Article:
But chin up princess, your tiara is slipping. You’re an intern. In virtually any other company this means you are a dogsbody. Often ‘The Dogsbody’, but Disney bestow the same training onto all employees, short term & long term alike. So you can step outside the student-intern-to-student-intern bubble and speak to OTHER PEOPLE.
Which is actually pretty cool, especially as I was fortunate to work with a bevy of sardonic pensioners who felt failed by mankind that they still had to hold down a part time job aged 70 dressed in a costume which borders on so ridiculous it’s actually obscene – but by gum did they do so with one-liners and bucket loads of panache.
Another huge plus is that Disney actively go out of their way to recruit people who embody the whole kaleidoscope of human experience –man, woman, gay, straight, from all cultures, religions and backgrounds regardless of mental or physical disability. There’s something to be said for being part of a workplace where even your skiving chats are hugely informative and enlightening.
And even the most overworked, homesick intern who ever graced Main Street USA will manage to claw together a little clan of pals. Personally I’m with the sector of society which believes the term “friend for life” should be employed exclusively at obituaries, but how many groups of students can not go on the swall FOR 12 WEEKS and stiiiiill have a laugh? (The joys of the US drinking limit, right? To be fair we did venture out in electrical storms to go to the pizza buffet, so we bonded in an entirely different way.)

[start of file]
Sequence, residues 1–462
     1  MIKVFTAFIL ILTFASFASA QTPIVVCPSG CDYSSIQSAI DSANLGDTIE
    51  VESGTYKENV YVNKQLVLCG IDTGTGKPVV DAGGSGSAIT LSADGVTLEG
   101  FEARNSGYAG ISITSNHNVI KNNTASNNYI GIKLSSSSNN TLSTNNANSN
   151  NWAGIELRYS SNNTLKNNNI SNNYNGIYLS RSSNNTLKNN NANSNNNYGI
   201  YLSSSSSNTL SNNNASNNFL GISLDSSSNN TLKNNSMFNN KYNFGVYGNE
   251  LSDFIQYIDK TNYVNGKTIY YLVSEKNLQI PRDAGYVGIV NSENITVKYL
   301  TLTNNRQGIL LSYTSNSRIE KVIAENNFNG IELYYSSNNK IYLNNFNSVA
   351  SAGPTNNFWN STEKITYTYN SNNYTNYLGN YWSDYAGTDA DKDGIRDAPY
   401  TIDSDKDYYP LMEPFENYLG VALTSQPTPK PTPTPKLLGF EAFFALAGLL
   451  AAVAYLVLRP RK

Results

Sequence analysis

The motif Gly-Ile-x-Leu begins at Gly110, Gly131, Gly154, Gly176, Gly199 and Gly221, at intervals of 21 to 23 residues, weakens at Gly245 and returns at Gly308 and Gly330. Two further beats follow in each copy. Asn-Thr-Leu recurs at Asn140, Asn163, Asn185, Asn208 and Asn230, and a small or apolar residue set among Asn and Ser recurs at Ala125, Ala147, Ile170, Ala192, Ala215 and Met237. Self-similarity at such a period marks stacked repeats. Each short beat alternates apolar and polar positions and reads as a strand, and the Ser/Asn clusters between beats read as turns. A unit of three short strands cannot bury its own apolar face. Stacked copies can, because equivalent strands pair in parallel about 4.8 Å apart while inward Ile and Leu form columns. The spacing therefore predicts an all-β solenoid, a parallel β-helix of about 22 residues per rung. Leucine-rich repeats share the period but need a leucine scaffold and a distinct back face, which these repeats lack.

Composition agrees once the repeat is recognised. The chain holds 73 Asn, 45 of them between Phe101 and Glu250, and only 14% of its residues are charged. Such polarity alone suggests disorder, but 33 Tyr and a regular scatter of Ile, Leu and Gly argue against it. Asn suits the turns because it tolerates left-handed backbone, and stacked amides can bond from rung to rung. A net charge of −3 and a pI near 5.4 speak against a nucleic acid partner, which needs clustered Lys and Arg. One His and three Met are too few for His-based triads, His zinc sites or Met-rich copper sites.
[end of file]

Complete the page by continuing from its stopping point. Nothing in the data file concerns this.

And then before you know it, your 12 weeks are up and you couldn’t be happier – you get to return to the land of ‘pram,’ ‘pavement’, ‘torch’ and public transport (in Florida he who drives is king.)
But then you remember when you watched the orientation video and cried in the auditorium. Or the first time you watched the Wishes firework display in front of the Castle. Or you just think about how much you’ll miss all the snacks (OMG could write an entirely separate piece just on snacks) and you think: yeah, I really put the hours in and the weather wasn’t all it was cracked up to be, but that was alright that.
And then you find yourself watching Celebrate the Magic on YouTube on Monday morning in October to propel you through your week (I’m a springer remember, I need to be propelled) and you know that it was pure magic from start to finish.
So I won’t sugar coat, or spin it (sugar spin it? Mmmm, dem snacks) and I’m sure Disney has its flaws and being an intern is bloody hard work, especially so far from home.
Would I do it again next year? Absolutely not. But am I glad I did it and would I recommend it to everyone with a pulse? Absolutely. Is that because everything was colour enhanced and bedazzled with sparkles and rainbows? No – it’s because it was a challenge and I’m proud that I saw it through right to the end.
So yeah, it can rain, you’re far from home and the expectations are high – but would you fly half way around the world to work in a company which people expected to be maybe alright, but not fabulous? No, neither would I.
Aisling moved from Disney summer internship Orlando to year abroad St Petersburg within the space of a month, leading to much suitcase, very confusion. When not obtaining visas she studies English Lit and Russian at good ol’ Edinburgh. Currently she is methodically working her way through a sack of 600 British tea bags which were smuggled across internationally waters. Hobbies include cats, onesie cuddles and cheese with peanut butter in a variety of combos – try to have an open mind.
If you’re interested in getting involved with PTL – drop us an email on firstname.lastname@example.org.
Powered by Facebook Comments